The S&P 500 Index (SNPINDEX:^GSPC) set a new all-time closing record for the third time this week on Friday. Behind the advance was the Labor Department's monthly nonfarm payrolls report, which showed a stronger jobs market than Wall Street expected. The S&P is now up 2% in 2014, and 24% in the last year; the benchmark index added one point, or 0.1%, ending at 1,878 on Friday.

 Coal miner Peabody Energy (NYSE:BTU) was the index's most severe decliner, dropping 5.3% in trade on Friday. The losses follow a sudden shift in the structure of the business, as well as an executive shakeup, both announced on Wednesday. Peabody Energy, like other coal miners, has been hit by reports that Chinese banks may be increasingly reluctant to loan to real estate developers. China's real estate boom has driven demand for steel -- which is partially composed of coal -- and due to this dynamic, high rises in China have quite a bit of relevance to American portfolios with exposure to coal companies. Thankfully, Peabody is also involved in the thermal coal business, helping it to diversify. 

Shares of another materials company, Freeport-McMoRan Copper & Gold (NYSE:FCX), shed 4.9% Friday after a power-rationing plan in the Congo raised fears that the company's operations could be adversely affected. The Congo is in a bit of an energy crisis, and lacks the resources to supply both its populus and the mining interests in its nation with adequate energy. The Congo situation aside, copper prices plummeted 4.2% today, and the price of gold also fell, naturally putting a strain on Freeport-McMoRan Copper & Gold's profitability.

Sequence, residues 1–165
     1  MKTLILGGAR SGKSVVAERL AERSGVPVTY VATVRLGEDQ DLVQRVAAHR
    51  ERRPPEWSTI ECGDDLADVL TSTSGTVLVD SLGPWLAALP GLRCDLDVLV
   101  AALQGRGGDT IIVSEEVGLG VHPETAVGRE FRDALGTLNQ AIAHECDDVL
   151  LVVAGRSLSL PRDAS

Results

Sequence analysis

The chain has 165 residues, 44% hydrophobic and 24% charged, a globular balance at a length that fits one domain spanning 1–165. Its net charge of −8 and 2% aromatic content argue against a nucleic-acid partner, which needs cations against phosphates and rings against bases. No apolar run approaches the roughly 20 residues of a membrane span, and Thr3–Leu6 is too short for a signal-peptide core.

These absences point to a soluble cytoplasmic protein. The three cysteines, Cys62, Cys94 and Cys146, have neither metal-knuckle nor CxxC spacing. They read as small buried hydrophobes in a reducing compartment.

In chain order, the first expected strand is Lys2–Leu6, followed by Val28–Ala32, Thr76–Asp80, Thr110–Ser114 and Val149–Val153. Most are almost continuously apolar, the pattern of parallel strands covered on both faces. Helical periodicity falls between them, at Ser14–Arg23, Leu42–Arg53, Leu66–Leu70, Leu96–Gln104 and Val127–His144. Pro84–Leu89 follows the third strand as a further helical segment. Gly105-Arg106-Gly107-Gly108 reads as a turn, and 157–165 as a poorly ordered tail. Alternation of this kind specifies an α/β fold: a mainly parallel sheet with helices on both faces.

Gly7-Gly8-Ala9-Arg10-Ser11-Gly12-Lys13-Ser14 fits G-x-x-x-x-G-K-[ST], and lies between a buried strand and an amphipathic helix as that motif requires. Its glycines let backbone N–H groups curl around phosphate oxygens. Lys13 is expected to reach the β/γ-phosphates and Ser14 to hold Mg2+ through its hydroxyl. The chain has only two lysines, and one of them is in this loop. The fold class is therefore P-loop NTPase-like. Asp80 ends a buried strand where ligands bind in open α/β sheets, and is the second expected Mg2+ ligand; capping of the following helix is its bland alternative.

Finally, shares of (NYSE:CRM) lost 3.8% today, as fallout from the company's statement earlier in the week intensified. On Tuesday, disclosed that it couldn't differentiate between money it pulled in from new customers, and money it received from existing customers upgrading. Consider the fact that the stock is fairly volatile, and technology was already one of the worst-performing sectors of the day, and today's slump starts to make some sense.

John Divine has no position in any stocks mentioned. You can follow him on Twitter @divinebizkid and on Motley Fool CAPS @TMFDivine.

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